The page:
More corroboration can be found from the Puranic sources which provide a more compelling explanation for the origin of the term 'Saini'. One thing Ibbetson's account does very well on is providing the evidence that his informant had distinct recollection of the origin of his community in Mathura, which falls in a principality originally known as Shaursena or Surasena. It would appear that if both Ibbetson and his informant had been aware of the ancient name of the region where Mathura is located, they would have been able to easily connect the term, 'Saini' with 'Shoorsaini', rather than offering an unnecessary spin around the term 'Rasaini' which leaves a lot more to be explained . The term 'Saini' is   an abbreviated version of the term 'Shoorsaini' which is used in Mahabharta and Puranas to describe the Yadava clan Krishna was born in. The term 'Saini', based on both phonetics and the geographical location of Mathura, appears to have uncanny resemblance with the Mahabharta term 'Shoorsaini' than any other term that can be imagined . Incidentally, Seuna Yadavas of Maharashtra and Karnataka also claim their descent from the Mathura region of the ancient Shaursena, whence Sainis also claim their descent. According to the Visnu Purana account cited in an ensuing section of this article, Arjuna settled some of the Yadava families in Punjab, implying that there were most likely other Yadavas from the submerged city of Dwaraka who dispersed away in other parts of the country.

It appears neither Ibbetson nor his informant were properly trained in the textual sources of ancient Indian history and mythology to make these irrisistible connections and to carry out a deeper and more informed analysis.

Edward Balfour's account: makes clear distinction

However, in 1885 Edward Balfour, another colonial scholar, clearly identified Sainis as a tribe totally distinct from Malis, something Ibbetson also acknowledged later in his report. What is more interesting is that Edward Balfour found Sainis to be largely involved with sugar-cane farming instead of vegetable farming while only Malis to be involved with gardening. Edward Balfour's account thus gives further confirmation, in addition to contradictions implied in Ibbetson's account, that Sainis were understood to be entirely different from Malis even in the colonial times and that the association of the term 'Saini' with market gardening or horticulture was not accurate and was based on a mistaken identity .


Amir Khusro's Miftah-Ul-Fatuh account demolishes colonial theory

Gurdan Saini commanded the Sisodia Rajput force of Raja Hamir Dev against Turks in 14th Century CE. Ghurratu-L-Kamal provides the textual proof from a primary source of the Rajput status of Sainis in medieval India.There is also a well-documented and authenticated evidence from Turk historical annals about a Saini General of 14th century who led a Sisodia Rajput force at Ranthanbore against the Khilji army. Amir Khusro, the noted poet-scholar in the court of Allaudin Khilji, records the presence of a very senior Saini General in the Sisodia Rajput army of Rana Hamir . Describing the 14th century battle between Turks and Rajputs, Amir Khusro writes the following about this daring and highly ranked Saini General:

The rai was in affright, and sent for Gurdan Saini, who was the most experienced warrior amongst the 40,000 rawats under the rai, and had seen many fights among the Hindus. "Sometimes he had gone with the advance to Malwa ; sometimes he had gone plundering in Gujarat." The Saini took 10,000 rawats with him from Jhain, and advanced against the Turks, and, after a severe action, he was slain...

This is a textual slam dunk against Ibbetson's speculation about the probable Mali origin of Sainis. This account, which clearly appears to have come from a hostile Turk source , is very significant . First of all it clearly authenticates that Sainis had been a warrior tribe even in the medieval times. Secondly it testifies to the fact that Sainis had a social status at par with Rajputs of Rajputana . This account fits well with the claim of Rajput or Yaduvanshi origin of Sainis of Punjab , a claim which even Ibbetson reluctantly acknowledges. The present day Mali community of Rajasthan, and elsewhere outside Punjab, started using surname "Saini" much later in 20th century . Given the place of Malis in the social structure of Rajputana, it would have been impossible for anyone deemed to be of that origin to gain such elevation in a medieval Rajput force of Sisodia feudals when the caste dogmas were at their peak.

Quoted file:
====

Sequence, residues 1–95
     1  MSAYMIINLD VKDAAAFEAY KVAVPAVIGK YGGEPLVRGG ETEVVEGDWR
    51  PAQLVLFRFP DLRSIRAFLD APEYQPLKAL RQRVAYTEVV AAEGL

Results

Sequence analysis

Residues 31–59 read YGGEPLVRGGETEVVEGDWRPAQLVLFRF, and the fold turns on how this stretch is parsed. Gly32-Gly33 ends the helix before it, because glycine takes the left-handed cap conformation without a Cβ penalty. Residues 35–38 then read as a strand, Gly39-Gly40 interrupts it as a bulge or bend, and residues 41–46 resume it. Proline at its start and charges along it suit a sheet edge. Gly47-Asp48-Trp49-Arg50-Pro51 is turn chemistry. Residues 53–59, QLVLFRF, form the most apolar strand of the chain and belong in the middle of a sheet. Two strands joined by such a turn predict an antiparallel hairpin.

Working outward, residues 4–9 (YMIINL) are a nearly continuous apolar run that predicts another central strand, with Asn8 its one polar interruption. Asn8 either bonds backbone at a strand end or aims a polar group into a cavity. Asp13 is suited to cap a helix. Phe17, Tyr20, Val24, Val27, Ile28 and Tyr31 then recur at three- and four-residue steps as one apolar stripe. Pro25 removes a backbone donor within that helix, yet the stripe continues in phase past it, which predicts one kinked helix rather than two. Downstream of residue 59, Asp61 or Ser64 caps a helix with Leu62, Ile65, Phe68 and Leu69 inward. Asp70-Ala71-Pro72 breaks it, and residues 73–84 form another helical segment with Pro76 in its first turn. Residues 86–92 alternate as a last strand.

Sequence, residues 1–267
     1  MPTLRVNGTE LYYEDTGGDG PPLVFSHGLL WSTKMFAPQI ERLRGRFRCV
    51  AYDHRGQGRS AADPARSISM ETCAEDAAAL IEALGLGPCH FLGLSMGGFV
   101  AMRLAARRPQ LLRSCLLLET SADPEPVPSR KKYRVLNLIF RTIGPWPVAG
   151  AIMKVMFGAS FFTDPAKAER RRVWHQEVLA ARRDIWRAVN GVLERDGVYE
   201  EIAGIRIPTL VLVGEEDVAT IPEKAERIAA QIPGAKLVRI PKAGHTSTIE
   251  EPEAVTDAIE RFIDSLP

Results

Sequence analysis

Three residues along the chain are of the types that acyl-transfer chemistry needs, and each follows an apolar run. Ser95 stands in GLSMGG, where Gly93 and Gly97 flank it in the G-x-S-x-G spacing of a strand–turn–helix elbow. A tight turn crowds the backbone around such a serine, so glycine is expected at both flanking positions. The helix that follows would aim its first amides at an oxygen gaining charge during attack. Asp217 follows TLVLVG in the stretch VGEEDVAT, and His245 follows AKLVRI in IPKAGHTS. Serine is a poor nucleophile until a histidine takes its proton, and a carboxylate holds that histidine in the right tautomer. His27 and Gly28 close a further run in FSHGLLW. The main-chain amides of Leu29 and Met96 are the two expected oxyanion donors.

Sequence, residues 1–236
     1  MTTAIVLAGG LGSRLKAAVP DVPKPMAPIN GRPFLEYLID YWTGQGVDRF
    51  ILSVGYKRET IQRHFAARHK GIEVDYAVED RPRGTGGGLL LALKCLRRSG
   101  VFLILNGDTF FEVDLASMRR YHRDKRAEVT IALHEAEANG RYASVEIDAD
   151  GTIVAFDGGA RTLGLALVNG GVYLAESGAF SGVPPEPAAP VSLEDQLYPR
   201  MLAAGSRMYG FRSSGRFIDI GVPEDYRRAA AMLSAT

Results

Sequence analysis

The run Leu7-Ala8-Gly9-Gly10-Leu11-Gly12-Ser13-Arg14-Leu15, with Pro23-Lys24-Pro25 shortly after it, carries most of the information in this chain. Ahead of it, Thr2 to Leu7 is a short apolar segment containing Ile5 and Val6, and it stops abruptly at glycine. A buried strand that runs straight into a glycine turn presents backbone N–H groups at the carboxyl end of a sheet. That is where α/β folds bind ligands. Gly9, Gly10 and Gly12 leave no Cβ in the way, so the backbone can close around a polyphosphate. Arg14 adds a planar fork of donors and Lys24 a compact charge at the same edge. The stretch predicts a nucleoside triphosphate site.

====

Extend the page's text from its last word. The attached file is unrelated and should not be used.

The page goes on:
According to Ibbetson's own account, Sainis sometimes owned the entire villages in Punjab.. All this evidence indicates that Sainis had a formidable local  status in Punjab even in the British India and before. The Chaudhary of Saini villages was always a Saini and Sainis were super-ordindate to every other caste and community in these villages.

Ghazni invasion theory also indicates Rajput background

Ibbetson's non-primary and non-secondary source account hints that Sainis migrated to Punjab due to Ghazni's attack on Mathura. But Ibbetson insinuates in the ensuing text that Sainis were probably cultivators  in Mathura. Apart from its provenance from a non-primary or non-original textual source , this view is rendered untenable by a serious logical and factual contradiction inherent in it.

For Sainis to be targeted by Mahmud of Ghazni, they would have to be a Rajput tribe. Based on strong historical evidence, it would be highly unusual for an invading Turk army to target a Mali tribe which had no history of combat. Quite to the contrary of Ibbetson's theory, there have been recorded instances in Rajputana where Rajputs escaped the Turk and Moghul genocides by claiming to be Malis. This view confirms the fact that had Sainis been deemed to be a Mali tribe by invading Turks they would have had no cause to flee Mathura as Ibbetson's anecdotal account suggests. For Sainis to be caught in the crosshairs of Ghazni's army, they would necessarily have to be a Rajput tribe which was a threat to Turks in some way.

The existence of a Saini general, Gurdan Singh Saini, in the army of Rana Hamir as late as 14th century CE proves the colonial theory entirely baseless. The account of a highly ranked Saini warrior in Turk historical annals proves that Turks knew very well that Sainis were a military tribe.


 Amir Khusro, a Persian and Hindi poet, uses Shoorsaini's  abbreviated vernacular form "Saini" to describe the martyrdom of Rajput commander Gurdan Saini.

"The rai was in affright, and sent for Gurdan Saini, who was the most experienced warrior amongst the 40,000 rawats under the rai, and had seen many fights among the Hindus. "Sometimes he had gone with the advance to Malwa ; sometimes he had gone plundering in Gujarat." The Saini took 10,000 rawats with him from Jhain, and advanced against the Turks, and, after a severe action, he was slain. Upon which the Hindus fled, and in the pursuit many were slain and many taken prisoners..."